I have to admit that the below 0 temperatures and the black ice on the ground colluded to keep MLA conference goers from the usual moving between conference sites, resulting in light foot traffic for the Pathfinders exhibit at the MLA 2014. The amazing work of electronic literature that we shipped or hand-carried, some of which were so new that they were still in beta, did not get seen as much as I had hoped. And of course all four of the vintage computers I brought with me to show early digital work were destroyed in shipment to Chicago. It was, in a word, a tough show.
So, it is extremely gratifying to find, today, the mention of the exhibit by Anastasia Salter for ProfHacker––an essay entitled “Making Things at the MLA 2014,––in The Chronicle of Higher Education. I have cited the section from the larger article. Please read the entire essay because she does a great job highlighting the “maker” movement evident in this year’s sessions. The image used for the essay is actually one of the two broken LCs. A pitiful site, indeed.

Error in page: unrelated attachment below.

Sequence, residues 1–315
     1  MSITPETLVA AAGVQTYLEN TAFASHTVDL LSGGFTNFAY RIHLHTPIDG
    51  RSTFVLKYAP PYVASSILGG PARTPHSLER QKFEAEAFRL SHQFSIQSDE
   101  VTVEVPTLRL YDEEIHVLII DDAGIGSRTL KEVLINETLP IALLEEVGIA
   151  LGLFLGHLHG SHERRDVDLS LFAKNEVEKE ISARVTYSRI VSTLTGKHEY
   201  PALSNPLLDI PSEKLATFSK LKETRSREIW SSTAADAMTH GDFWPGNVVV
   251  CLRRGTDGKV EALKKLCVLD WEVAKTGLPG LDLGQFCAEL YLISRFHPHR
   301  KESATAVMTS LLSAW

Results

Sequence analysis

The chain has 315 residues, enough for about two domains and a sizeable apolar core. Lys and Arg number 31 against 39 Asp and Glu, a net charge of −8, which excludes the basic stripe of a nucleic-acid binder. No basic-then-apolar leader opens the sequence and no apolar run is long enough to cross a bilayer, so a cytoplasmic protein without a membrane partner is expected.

Electronic Literature Exhibits. As a scholar of electronic literature, or literature that plays with technologies and mediation as a fundamental part of its structures and poetics, I’ve been very excited to see an increased presence of electronic literature at MLA through recent years. Aside from several panels this year, there was an exhibition that highlighted an important history of digital making. Organized by Dene Grigar and Stuart Moulthrop, the Pathfinders exhibit offered a living history of 25 years of electronic literature, pointing out the importance of preservation while highlighting just how difficult it is to truly keep anything digital alive. The exhibit highlighted this painfully thanks to the destruction of several archival computers during transport. (This further dovetails with important work on Preserving Virtual Worlds Kari Kraus shared during the Evaluating Digital Scholarship panel.)